Workplace Injury and Illness

Posted April 17, 2018 - Revised April 17, 2018

Here Are the Cost Savings for Implementing a Plan to Reduce Workplace Injury and Illness.  An injury and illness prevention plan is a system designed to help employers locate and correct hazards in the workplace before employees are injured.

Many workplaces have adopted such plans, and evidence shows they lead to big decreases in workplace accidents. These plans also help change workplace culture, leading to greater productivity and quality, decreased turnover, decreased costs and greater worker satisfaction.

Most effective injury and illness elimination programs incorporate similar core principles: All hazards in the workplace must be located, and there should be a plan to both prevent and control those hazards. Active participation, from leadership to front-line employees, is crucial to making certain all hazards are discovered and addressed. Finally, employees have to be trained on how the program functions, and the program must be regularly examined to figure out if changes have to be made.

Every company is different with regards to injury and illness prevention programs and one size doesn't fit all. Organizations should scale and adjust their plan to meet the requirements of their company based on its size, industry or type of operations.

What are the costs associated with workplace injuries?

While the main goal of an injury and illness prevention program should be to keep employees healthy, the secondary objective is to reduce the costs associated with on-the-job injuries.

Furthermore, injury and illness prevention plans can help companies steer clear of the considerable costs and business interruptions that come with on-the-job injuries, illnesses and deaths. Organizations bear a range of costs when a worker is injured or ill. The expenditures of budget or time associated with injuries and illnesses are commonly called indirect costs and may include: wages paid to injured employees for absences not protected by workers' compensation, wage costs associated with time lost to stoppages, administrative time spent addressing injuries, worker training and replacement costs, lost productivity associated with new worker learning curves, accommodations for injured workers and costs to replace damaged property.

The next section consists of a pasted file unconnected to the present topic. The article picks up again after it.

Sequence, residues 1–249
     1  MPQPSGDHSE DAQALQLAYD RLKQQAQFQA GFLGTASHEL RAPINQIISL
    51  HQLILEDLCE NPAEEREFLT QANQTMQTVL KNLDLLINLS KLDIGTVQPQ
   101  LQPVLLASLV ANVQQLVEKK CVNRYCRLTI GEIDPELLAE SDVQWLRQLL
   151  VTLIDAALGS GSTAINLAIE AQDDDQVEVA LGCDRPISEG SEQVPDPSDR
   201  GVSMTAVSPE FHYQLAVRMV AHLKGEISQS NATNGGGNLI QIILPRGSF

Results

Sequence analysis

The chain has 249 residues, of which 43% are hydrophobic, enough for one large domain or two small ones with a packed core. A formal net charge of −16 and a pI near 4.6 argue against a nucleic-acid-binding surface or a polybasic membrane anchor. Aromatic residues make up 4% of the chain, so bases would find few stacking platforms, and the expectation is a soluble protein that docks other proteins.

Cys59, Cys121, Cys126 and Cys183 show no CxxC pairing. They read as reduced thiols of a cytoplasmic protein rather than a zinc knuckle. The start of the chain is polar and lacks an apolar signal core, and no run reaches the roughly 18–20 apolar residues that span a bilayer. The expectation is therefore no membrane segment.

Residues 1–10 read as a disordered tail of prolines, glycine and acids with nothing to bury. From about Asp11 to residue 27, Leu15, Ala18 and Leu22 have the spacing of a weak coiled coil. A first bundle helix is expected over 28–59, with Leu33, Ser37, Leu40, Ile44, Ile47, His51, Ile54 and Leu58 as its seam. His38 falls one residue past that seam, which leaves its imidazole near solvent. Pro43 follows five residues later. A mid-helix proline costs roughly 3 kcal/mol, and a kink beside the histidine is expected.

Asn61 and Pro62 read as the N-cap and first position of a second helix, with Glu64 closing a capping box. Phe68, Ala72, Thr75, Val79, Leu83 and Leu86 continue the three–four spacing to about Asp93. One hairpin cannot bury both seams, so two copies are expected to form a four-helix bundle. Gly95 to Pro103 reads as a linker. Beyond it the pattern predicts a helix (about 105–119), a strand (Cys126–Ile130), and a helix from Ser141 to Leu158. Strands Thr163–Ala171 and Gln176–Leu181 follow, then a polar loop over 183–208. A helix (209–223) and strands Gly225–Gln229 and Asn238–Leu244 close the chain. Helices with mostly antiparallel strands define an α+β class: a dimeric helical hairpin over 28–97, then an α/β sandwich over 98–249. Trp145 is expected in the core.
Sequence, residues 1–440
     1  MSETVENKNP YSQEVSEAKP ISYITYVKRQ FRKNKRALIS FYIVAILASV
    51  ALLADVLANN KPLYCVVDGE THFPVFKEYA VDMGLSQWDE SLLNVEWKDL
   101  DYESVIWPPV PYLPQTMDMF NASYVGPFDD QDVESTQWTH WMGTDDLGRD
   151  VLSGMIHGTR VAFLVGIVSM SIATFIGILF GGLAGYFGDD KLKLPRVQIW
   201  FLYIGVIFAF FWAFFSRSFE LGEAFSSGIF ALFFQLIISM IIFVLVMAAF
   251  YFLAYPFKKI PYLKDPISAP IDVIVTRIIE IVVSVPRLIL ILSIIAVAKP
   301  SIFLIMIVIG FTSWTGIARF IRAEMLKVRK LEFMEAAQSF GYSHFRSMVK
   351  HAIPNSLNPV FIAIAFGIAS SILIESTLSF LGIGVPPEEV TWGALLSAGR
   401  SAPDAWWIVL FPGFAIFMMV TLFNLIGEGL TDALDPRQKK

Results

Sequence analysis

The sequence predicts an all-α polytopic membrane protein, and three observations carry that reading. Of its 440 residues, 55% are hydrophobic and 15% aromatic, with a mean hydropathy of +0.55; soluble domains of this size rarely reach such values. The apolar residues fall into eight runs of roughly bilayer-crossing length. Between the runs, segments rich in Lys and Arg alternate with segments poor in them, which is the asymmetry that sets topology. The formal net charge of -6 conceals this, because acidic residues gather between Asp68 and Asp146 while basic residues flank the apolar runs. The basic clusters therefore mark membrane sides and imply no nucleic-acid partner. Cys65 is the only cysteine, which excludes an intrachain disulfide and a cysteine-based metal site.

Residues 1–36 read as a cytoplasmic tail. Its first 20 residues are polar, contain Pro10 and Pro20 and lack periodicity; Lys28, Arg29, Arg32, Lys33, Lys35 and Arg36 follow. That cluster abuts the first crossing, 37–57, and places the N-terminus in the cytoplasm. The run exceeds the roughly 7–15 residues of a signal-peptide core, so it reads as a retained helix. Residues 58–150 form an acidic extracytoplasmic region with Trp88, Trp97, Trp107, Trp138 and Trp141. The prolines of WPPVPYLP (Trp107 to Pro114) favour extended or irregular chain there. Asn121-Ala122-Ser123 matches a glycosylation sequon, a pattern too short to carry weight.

Do injury and illness prevention programs have an effect on the bottom line?

Several research studies have analyzed the performance of injury and illness prevention programs at both the facility and corporate levels and shown such programs work well in changing workplace culture; bringing about reductions in injuries, illnesses and deaths; reducing costs; strengthening morale and communication; improving brand image; and improving operations.

Research also spotlights the essential qualities of effective programs, including management commitment, effective worker participation, incorporation of health and safety with company planning and continual program assessment. Employee participation, an important part of any good injury and illness prevention program, also contributes to the bottom line. When employees asked for safety contributions see some of their suggestions being put into practice, they are more likely to be satisfied and productive. Engaging staff members in conversation on safety and health can result in better relationships and better overall communication, along with decreased injury rates. Enhanced worker morale and satisfaction means greater loyalty, reduced absenteeism and greater productivity.

At Ambassador, we support all of the employee safety and wellness programs of our clients. If your company is currently looking for a staffing partner that is invested in the well-being of all workers, please contact a full-service staffing firm today.